Six Myths of Equipment Leasing
Edition: June 2002 - Vol 10 Number 06
Tax treatment. The IRS does not consider an operating lease to be a purchase, but rather a tax-deductible overhead expense. Lease payments can be deducted from corporate income.
Balance sheet management. Because an operating lease is not considered a long-term debt or liability, it does not appear as debt on the company's financial statement, thus making the company more attractive to traditional lenders.
100 percent financing. With leasing, there is little money down; perhaps only the first and last month's payment are due at the time of the lease. Since a lease does not require a down payment, it is equivalent to 100 percent financing. That means the customer has more money to invest in revenue-generating activities.
Immediate write-off of the dollars spent. Leasing payments are treated as expenses on a company's balance sheet; therefore, equipment does not have to be depreciated over five to seven years.
Flexibility. As a business grows and its needs change, it can add or upgrade at any point during the lease term through add-on or master leases. Customers also have the option to include installation, maintenance and other services, if needed.
Customized solutions. Companies can customize a program to address their needs and requirements cash flow, budget, transaction structure, cyclical fluctuations, etc. Some leases allow the lessee, for example, to miss one or more payments without a penalty, an important feature for seasonal businesses.
Asset management. A lease provides the use of equipment for specific periods of time at fixed payments. The lessor assumes and manages the risk of equipment ownership. At the end of the lease, the lessor is responsible for the disposition of the asset.
Upgraded technology. If the nature of the customer's industry demands that it have the latest technology, a short-term operating lease can help. The risk of getting caught with obsolete equipment is lower because the customer can upgrade or add equipment to meet changing needs.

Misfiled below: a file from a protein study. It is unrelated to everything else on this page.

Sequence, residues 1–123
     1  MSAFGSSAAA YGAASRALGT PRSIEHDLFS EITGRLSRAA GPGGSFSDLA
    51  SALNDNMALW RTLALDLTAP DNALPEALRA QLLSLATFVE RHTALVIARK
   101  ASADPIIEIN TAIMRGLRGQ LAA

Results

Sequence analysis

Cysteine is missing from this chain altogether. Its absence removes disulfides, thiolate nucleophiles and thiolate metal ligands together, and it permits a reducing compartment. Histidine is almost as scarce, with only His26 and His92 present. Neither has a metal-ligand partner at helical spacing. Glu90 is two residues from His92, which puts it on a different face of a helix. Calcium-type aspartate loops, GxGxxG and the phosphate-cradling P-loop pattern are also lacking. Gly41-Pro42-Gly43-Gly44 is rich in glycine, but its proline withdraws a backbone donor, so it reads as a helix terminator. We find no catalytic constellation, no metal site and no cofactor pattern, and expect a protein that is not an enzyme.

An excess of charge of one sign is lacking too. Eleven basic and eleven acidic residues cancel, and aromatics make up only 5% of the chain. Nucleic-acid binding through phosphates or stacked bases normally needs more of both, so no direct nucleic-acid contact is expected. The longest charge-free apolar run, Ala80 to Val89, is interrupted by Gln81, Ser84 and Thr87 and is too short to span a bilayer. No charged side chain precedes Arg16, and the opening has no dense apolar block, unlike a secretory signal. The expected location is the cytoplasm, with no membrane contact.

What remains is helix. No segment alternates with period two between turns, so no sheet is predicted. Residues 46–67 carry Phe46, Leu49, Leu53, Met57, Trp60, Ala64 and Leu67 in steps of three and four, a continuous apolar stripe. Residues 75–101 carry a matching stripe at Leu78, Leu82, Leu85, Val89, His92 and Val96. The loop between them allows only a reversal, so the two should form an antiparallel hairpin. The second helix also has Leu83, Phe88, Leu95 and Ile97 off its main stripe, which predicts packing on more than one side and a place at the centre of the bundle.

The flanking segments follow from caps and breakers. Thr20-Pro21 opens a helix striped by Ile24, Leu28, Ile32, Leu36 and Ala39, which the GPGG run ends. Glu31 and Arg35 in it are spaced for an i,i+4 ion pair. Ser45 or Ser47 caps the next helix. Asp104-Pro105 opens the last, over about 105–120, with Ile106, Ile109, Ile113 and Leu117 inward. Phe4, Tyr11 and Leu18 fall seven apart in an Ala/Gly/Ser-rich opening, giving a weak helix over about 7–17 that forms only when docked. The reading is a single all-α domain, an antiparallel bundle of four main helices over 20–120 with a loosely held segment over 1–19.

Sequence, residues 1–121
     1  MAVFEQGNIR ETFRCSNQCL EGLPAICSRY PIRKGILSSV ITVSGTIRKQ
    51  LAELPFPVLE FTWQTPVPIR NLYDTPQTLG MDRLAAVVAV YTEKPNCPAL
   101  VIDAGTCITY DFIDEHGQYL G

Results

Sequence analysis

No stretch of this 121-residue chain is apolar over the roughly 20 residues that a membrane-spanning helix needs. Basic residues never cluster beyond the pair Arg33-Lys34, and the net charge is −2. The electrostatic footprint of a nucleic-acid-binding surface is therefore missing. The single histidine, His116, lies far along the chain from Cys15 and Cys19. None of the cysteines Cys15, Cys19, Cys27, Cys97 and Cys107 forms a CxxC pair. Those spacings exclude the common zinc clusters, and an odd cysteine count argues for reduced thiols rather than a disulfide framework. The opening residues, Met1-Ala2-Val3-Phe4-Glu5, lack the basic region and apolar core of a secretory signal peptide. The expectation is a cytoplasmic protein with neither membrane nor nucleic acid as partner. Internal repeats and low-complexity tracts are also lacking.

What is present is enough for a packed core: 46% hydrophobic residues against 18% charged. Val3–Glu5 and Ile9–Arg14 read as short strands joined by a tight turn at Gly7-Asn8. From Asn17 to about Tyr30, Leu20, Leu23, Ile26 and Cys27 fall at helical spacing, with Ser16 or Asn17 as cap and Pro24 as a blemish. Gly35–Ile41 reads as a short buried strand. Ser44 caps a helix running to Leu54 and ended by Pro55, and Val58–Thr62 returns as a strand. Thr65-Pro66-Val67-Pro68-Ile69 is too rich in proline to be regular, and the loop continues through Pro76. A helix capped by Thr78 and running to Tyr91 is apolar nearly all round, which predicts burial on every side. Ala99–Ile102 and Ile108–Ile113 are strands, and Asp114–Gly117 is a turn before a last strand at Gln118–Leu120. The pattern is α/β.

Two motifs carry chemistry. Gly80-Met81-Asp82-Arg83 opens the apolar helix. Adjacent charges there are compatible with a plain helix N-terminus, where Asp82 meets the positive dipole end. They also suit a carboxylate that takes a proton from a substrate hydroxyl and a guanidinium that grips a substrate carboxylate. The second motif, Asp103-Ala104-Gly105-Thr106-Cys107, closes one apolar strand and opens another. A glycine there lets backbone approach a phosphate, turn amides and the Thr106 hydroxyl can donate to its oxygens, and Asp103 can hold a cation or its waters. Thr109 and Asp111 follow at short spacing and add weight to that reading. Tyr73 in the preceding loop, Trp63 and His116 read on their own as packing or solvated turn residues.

Speed. Many leasing companies can approve a customer's application within one or two days.
Improved cash forecasting. By leasing equipment, the customer knows the amount and number of lease payments over the life of the leasing period.
Flexible end of term options. There are several options for disposing of equipment after the lease term ends, including returning the equipment, renewing the lease or purchasing the equipment.
Tax benefits. Lessors often pass the tax benefits of ownership on to the lessee in the form of lower monthly payments.
Improved earnings. Operating lease accounting provides a lower cost than a capital lease in the early years of a lease
Types of Leases
There are many types of leases to choose from. The type of lease your customers select should match their equipment needs, business goals and cash flow requirements. For example, some lessees need one piece of equipment that requires a single contract. Others may continually acquire equipment and exercise a master lease that allows them to acquire many items within a single lease and avoid executing a new contract with every acquisition. The most common types of leases are operating leases and finance leases.
An operating lease is for companies that continually update or replace equipment and want to use equipment without ownership, but also want to return equipment at lease-end and avoid technological obsolescence. Such a lease usually results in the lowest payment of any financing alternative and is an excellent strategy for bypassing capital budgeting restraints. It typically qualifies for off-balance sheet treatment and can result in improved Return On Asset (ROA) due to a lower asset base. It can also result in higher reported earnings in the early years of the lease.
A finance lease is a full-payout, noncancellable agreement, in which the lessee is responsible for maintenance, taxes and insurance. It is most attractive in cases where the lessee wants the tax benefits of ownership or expects the equipment's residual value to be high. These leases are structured as equipment financing agreements with residuals up to 10 percent. The lessee purchases the equipment upon lease termination at a pre-agreed amount. The term of a finance lease tends to be longer, nearly covering the useful life of the equipment.
ABOUTH THE AUTHOR:
Greg Einhorn is director of sales for Group Financial Services (www.finservices.com), which acts as the financial services division of National Distribution and Contracting (NDC), Nashville, TN.